In the words of KI’s new chairman, “We need to start afresh.”

Published 2017-01-09 08:24. Updated 2017-01-09 08:39Denna sida på svenska
Mikael Odenberg

Ny ordförande för konsistoriet 1 december 2016: Mikael Odenberg.

Mikael Odenberg. Foto: Gustav Mårtensson Mikael Odenberg. Photo: Gustav Mårtensson 

Mikael Odenberg took over as Chairman of the Board of Karolinska Institutet on 1 December 2016 and has two urgent matters to attend to: recruit a new vice-chancellor and clean up after the Macchiarini case. The minister responsible, Helene Hellmark Knutsson, says that the partly new board is expected to restore confidence in Karolinska Institutet and Swedish medical research.

“Oh my,” I thought. “Then I decided to say yes,” says Mikael Odenberg.

Why the choice fell upon him is a question for others to answer. He has no academic qualifications to speak of, not having completed his studies at university and the Stockholm School of Economics. He says his guess is that it has more to do with his broad experience of controlling authorities, an area where, according to the investigations conducted during the autumn, Karolinska Institutet has fallen far short of the mark.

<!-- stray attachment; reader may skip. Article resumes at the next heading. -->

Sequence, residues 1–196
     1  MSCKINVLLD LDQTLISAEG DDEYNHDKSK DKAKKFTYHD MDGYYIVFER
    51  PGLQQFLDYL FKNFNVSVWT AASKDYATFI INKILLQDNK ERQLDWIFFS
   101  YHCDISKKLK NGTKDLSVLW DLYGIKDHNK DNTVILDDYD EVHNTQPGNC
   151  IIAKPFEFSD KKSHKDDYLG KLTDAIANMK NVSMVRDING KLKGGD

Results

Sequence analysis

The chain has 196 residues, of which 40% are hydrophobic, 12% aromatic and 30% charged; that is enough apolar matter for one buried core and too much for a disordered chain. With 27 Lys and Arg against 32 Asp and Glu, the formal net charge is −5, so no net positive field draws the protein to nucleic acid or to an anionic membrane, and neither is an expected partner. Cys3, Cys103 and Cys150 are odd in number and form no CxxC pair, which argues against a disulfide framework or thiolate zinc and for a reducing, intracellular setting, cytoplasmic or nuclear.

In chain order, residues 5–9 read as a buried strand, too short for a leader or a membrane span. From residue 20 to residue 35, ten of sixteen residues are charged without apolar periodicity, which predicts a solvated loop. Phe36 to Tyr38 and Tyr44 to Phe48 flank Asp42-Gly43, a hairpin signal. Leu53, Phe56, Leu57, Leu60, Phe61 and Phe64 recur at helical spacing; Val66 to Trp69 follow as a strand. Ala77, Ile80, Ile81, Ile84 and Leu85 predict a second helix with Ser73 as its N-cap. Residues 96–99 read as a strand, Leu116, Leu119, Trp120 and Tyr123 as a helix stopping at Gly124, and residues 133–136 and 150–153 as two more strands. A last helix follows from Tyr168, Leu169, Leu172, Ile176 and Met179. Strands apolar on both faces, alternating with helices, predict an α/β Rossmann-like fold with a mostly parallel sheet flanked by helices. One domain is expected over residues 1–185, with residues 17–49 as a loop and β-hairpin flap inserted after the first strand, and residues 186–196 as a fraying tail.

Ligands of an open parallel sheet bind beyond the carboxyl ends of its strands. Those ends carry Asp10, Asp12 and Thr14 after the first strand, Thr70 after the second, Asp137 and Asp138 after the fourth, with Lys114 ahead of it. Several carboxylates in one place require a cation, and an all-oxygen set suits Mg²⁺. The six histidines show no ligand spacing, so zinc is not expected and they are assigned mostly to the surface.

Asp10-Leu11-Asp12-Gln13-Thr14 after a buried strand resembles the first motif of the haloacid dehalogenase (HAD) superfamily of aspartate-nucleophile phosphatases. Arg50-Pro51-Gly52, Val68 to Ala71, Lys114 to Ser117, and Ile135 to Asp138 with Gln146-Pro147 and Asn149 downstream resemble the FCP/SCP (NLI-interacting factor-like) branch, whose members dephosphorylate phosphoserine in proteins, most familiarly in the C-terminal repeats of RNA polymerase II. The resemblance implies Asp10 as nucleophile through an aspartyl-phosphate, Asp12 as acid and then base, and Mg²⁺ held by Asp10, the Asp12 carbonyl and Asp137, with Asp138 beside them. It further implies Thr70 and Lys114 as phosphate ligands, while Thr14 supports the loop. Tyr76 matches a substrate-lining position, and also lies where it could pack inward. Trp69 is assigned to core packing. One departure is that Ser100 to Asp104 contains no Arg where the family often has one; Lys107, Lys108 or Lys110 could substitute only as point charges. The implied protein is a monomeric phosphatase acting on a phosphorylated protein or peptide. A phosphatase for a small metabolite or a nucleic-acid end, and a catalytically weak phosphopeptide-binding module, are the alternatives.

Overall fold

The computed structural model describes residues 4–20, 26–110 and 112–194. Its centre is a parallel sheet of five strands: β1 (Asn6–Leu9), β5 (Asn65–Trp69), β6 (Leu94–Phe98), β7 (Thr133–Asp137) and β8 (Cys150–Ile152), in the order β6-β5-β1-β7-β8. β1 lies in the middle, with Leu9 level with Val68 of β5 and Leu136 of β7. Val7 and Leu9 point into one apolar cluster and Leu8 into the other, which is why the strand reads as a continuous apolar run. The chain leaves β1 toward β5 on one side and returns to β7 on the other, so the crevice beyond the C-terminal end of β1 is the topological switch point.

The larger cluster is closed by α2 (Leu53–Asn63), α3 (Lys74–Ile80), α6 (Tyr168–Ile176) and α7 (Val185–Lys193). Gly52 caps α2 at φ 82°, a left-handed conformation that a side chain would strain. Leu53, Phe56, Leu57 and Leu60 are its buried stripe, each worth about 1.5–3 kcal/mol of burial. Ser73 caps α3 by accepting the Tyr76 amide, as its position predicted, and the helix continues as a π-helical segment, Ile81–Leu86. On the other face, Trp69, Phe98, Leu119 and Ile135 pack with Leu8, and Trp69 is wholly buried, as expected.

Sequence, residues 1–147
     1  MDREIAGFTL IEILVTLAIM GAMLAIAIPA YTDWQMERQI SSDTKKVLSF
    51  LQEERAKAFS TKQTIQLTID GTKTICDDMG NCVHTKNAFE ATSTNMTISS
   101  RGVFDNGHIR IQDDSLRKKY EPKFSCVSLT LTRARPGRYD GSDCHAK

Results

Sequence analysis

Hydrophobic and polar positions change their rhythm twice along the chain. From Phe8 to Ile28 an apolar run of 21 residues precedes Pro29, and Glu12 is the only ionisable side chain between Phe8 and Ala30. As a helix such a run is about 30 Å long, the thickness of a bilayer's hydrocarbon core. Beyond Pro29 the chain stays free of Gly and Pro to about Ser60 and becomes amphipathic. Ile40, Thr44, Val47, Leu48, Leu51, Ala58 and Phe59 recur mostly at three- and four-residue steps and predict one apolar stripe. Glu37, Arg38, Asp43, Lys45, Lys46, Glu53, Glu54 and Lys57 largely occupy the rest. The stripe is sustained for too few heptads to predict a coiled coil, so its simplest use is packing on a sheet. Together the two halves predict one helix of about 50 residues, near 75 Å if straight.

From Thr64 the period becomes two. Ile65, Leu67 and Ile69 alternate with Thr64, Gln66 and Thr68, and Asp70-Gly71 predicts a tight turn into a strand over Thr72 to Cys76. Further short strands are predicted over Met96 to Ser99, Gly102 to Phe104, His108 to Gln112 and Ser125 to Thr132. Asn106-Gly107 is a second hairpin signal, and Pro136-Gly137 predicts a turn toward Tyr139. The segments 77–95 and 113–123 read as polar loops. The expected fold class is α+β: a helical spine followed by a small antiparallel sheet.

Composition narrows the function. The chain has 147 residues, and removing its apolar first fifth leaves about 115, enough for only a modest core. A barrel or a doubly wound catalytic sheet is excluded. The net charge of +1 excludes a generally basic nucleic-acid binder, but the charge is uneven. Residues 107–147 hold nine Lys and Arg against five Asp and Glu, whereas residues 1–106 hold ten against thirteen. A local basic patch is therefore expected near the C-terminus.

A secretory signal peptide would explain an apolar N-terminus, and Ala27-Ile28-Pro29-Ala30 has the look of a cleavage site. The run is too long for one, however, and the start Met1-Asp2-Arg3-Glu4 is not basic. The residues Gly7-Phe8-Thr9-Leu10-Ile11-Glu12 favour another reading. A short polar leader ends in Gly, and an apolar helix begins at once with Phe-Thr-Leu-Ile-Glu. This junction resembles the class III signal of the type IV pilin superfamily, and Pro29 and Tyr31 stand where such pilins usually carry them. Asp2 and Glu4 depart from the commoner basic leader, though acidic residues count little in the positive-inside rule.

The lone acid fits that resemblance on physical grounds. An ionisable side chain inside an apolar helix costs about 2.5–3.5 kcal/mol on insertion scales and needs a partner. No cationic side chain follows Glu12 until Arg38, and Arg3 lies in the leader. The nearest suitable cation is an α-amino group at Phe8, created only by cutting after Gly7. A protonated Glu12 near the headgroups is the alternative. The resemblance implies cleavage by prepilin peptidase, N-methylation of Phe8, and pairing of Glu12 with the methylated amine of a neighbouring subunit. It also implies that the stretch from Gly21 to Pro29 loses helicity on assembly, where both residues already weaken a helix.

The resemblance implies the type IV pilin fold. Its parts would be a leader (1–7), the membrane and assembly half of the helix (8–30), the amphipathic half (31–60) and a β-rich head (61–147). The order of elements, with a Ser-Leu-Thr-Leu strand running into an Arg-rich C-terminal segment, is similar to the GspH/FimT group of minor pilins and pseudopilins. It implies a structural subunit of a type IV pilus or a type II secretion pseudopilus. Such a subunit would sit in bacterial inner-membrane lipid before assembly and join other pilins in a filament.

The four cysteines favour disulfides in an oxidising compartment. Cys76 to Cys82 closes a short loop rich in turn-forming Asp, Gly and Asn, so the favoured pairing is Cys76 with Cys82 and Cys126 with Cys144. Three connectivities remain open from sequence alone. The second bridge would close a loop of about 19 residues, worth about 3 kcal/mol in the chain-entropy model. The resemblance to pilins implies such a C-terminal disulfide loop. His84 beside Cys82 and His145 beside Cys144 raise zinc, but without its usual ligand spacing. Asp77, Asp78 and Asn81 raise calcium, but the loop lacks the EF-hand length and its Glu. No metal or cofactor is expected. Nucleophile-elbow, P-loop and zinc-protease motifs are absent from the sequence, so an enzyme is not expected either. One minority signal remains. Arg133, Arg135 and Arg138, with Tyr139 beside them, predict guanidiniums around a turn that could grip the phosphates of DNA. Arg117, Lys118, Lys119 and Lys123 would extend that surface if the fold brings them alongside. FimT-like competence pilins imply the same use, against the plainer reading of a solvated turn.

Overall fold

Mikael Odenberg describes his background as a whole lifetime in the public sector, most recently as Director-General of Svenska kraftnät, Member of Parliament for fifteen years, and Minister for Defence in Fredrik Reinfeldt’s government, a post he resigned from in protest against cuts in the defence budget. And his experience in the health care sector, among other things as a member of Stockholm County Council between1976 and 1991.